In 1943, the first center in the country opened in the Bronx with funding from New York City. In the ensuing years, New York City expanded its senior center funding, augmenting in with federal funds from Title XX of the Social Security Act. By 1975, there were upwards of 180 senior centers throughout the City. As Title XX funding eroded, the city replaced those dollars with city dollars, through the New York City Human Resources Administration.
At about the same time, in the early 1970's, the federal Older Americans Act - originally passed in 1965 was amended to include funding for senior centers. The city continued to expand its senior network under the administration of the Mayor's Office for the Aging. In 1975, that office evolved into the New York City Department for the Aging, although it took until 1991 for all 335 senior centers to be consolidated under this new department.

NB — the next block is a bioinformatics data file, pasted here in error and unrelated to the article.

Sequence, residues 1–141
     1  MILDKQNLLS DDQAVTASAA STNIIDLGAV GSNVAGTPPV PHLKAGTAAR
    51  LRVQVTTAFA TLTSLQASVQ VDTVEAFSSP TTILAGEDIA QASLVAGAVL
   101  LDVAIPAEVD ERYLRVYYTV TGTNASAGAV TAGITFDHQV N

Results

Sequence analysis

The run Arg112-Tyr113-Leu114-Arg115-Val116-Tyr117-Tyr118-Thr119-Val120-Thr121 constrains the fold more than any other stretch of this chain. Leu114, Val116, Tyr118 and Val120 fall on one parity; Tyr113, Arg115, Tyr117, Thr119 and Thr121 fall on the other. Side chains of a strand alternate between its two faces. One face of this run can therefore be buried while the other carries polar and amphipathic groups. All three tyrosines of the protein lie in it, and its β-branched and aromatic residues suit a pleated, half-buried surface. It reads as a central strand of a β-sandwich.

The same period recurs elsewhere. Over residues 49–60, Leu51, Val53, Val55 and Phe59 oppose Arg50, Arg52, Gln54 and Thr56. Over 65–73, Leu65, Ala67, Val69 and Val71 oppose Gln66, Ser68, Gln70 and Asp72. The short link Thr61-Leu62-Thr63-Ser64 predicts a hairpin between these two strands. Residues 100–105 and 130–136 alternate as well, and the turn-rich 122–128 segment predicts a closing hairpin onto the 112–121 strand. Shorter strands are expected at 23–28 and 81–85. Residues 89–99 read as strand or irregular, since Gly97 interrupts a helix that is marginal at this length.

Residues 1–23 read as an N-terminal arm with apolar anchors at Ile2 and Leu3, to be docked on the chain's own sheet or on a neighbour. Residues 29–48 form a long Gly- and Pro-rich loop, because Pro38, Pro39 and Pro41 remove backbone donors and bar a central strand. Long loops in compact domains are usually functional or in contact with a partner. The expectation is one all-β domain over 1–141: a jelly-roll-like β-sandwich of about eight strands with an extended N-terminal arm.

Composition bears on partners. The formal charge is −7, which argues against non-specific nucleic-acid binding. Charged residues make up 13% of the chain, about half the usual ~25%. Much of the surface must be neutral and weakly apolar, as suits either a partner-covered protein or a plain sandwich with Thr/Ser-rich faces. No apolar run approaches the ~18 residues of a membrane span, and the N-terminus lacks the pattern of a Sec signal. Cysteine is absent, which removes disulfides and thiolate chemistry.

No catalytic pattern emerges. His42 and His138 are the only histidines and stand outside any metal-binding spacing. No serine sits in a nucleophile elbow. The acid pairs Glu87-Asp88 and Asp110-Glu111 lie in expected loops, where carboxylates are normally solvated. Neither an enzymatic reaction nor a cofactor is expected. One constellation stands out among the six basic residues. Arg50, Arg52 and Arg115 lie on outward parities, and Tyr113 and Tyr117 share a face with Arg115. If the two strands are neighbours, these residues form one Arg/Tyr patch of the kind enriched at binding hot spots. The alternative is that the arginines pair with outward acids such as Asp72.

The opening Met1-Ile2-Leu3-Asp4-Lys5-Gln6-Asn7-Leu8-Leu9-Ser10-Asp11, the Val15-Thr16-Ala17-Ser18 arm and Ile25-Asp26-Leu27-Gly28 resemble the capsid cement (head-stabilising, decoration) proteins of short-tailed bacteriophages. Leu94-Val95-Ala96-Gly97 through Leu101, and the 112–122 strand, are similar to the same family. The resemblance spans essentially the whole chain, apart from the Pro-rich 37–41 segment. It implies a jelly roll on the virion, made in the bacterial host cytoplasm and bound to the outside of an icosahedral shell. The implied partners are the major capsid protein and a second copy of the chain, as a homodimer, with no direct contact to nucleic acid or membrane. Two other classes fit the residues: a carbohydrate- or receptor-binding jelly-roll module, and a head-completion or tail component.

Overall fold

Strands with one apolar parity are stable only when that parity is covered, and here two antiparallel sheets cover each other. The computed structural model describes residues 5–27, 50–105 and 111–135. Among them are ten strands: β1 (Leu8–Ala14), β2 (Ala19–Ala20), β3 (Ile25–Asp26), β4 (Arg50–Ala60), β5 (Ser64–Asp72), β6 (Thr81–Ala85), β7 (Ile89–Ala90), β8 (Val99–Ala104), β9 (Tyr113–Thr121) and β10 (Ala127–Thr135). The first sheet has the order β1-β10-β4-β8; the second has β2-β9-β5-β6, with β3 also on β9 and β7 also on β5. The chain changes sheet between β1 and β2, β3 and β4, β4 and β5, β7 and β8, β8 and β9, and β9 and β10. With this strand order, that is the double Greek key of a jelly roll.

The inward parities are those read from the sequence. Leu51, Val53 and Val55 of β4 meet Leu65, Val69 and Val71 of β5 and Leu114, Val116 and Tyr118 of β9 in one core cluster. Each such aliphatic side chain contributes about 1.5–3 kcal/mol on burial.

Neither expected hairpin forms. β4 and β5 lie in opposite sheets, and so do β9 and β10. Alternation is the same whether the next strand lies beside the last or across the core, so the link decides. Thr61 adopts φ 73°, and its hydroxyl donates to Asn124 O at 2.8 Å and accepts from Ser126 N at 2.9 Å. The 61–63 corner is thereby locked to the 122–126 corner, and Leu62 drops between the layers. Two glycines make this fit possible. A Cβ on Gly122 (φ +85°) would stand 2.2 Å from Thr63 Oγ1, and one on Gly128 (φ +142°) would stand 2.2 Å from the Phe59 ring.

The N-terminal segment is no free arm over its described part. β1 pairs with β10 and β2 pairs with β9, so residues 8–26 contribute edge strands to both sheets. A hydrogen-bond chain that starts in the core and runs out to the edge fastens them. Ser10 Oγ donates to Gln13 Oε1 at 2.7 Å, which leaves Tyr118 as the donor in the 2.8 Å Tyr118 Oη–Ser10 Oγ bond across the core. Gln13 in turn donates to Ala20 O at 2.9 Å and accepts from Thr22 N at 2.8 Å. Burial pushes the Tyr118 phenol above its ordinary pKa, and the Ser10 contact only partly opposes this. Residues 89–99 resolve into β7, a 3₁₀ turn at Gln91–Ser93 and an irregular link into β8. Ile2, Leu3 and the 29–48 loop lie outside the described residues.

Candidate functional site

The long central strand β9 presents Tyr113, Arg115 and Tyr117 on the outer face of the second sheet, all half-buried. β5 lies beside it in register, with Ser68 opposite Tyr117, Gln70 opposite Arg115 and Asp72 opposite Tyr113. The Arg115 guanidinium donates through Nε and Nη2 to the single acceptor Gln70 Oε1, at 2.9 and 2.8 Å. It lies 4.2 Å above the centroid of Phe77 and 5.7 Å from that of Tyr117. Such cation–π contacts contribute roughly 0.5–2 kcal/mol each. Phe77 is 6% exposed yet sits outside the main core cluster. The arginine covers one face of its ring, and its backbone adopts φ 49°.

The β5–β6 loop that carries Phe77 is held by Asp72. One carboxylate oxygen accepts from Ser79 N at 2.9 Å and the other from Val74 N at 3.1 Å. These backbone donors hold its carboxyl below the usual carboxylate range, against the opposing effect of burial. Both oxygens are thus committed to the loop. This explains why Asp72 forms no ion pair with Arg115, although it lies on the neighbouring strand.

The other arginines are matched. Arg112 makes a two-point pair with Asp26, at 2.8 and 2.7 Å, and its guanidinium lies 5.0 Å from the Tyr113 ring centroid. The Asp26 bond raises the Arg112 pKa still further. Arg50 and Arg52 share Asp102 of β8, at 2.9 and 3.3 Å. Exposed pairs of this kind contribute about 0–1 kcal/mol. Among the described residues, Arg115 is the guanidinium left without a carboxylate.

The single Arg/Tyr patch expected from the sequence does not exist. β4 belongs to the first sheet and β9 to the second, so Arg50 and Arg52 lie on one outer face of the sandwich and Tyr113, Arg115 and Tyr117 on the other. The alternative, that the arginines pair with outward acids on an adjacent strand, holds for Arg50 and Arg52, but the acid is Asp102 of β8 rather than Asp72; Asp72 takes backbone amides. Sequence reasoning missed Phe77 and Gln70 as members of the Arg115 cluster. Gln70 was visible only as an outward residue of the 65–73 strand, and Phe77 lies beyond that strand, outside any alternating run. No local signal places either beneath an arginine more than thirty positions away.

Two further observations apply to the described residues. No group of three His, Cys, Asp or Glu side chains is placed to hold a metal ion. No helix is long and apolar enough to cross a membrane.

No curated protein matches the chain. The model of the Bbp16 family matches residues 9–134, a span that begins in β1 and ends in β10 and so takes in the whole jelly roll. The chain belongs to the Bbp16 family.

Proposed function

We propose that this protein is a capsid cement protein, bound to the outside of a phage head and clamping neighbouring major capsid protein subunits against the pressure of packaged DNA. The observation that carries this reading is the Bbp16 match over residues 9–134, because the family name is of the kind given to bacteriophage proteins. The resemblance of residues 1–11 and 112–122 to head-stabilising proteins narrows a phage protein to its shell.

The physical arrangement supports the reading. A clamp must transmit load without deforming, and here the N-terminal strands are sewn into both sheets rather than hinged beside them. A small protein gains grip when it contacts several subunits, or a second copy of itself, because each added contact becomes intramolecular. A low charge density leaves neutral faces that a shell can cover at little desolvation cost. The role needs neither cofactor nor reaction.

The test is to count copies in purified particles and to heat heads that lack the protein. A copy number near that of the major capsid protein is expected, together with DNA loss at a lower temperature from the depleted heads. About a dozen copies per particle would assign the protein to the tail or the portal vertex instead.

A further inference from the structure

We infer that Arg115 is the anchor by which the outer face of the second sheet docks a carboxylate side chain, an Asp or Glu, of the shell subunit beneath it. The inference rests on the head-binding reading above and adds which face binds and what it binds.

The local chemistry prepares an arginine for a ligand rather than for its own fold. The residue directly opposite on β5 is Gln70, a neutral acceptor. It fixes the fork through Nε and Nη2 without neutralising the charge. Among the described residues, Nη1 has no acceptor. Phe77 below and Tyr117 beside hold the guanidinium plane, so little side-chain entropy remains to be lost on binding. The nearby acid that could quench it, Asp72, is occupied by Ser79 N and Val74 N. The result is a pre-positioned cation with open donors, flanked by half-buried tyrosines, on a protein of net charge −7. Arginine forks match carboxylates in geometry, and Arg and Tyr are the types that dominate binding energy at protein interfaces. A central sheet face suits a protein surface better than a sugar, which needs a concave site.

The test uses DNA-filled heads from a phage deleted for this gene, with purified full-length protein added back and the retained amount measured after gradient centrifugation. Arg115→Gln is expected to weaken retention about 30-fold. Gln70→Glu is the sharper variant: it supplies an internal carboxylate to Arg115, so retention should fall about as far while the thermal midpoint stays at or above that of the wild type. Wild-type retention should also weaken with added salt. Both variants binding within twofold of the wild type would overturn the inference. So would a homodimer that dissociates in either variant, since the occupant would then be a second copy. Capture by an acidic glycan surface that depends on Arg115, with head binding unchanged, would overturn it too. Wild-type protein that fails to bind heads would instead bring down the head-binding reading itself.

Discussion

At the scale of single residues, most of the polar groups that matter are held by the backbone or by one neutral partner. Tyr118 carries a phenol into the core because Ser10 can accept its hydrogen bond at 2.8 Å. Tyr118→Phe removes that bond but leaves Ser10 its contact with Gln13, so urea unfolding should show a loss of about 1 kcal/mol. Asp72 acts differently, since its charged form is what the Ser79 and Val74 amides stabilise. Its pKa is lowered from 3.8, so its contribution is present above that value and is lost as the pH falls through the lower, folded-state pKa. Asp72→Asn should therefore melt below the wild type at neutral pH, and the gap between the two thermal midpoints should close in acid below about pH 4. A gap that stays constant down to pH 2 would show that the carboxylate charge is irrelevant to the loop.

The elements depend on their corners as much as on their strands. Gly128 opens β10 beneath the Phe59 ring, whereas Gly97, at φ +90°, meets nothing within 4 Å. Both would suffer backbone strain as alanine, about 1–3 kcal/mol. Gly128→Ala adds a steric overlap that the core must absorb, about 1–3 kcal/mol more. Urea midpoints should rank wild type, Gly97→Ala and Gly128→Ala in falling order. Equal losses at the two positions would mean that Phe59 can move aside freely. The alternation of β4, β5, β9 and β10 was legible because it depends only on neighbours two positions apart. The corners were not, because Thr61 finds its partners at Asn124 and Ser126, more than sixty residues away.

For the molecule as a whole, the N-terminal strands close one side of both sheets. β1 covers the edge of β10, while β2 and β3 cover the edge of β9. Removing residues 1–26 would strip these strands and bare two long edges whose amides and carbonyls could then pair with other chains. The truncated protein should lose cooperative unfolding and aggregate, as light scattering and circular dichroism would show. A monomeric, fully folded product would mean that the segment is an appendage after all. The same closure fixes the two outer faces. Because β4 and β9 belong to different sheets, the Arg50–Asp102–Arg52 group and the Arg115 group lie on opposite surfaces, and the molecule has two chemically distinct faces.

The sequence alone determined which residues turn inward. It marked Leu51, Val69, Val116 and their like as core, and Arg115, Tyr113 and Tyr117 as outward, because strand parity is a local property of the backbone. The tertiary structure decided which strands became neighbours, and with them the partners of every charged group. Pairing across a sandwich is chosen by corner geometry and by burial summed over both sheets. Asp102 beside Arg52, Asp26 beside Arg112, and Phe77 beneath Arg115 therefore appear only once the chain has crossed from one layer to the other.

In 1974, representatives of senior centers began to meet informally to share their views, expand their knowledge, and discuss better ways to deal with government agencies and to serve seniors. By 1978 after the network had grown to include 200 senior centers, 88 of them formed The Organizing Committee for the Council of Senior Centers of New York City. In 1979, The Council of Senior Citizen Centers of New York City, Inc. was established as a not-for-profit organization, with the former Commissioner of Consumer Affairs, Elinor Guggenheimer, as its founding president.
In those early years, most of Council's work consisted of representing member organization in their contractual negotiations and program development discussions with the City. In 1985, Council undertook its final name change - Council of Senior Centers and Services of New York City, Inc. (CSCS) - to reflect the growing diversity of programs and services offered by its member organizations.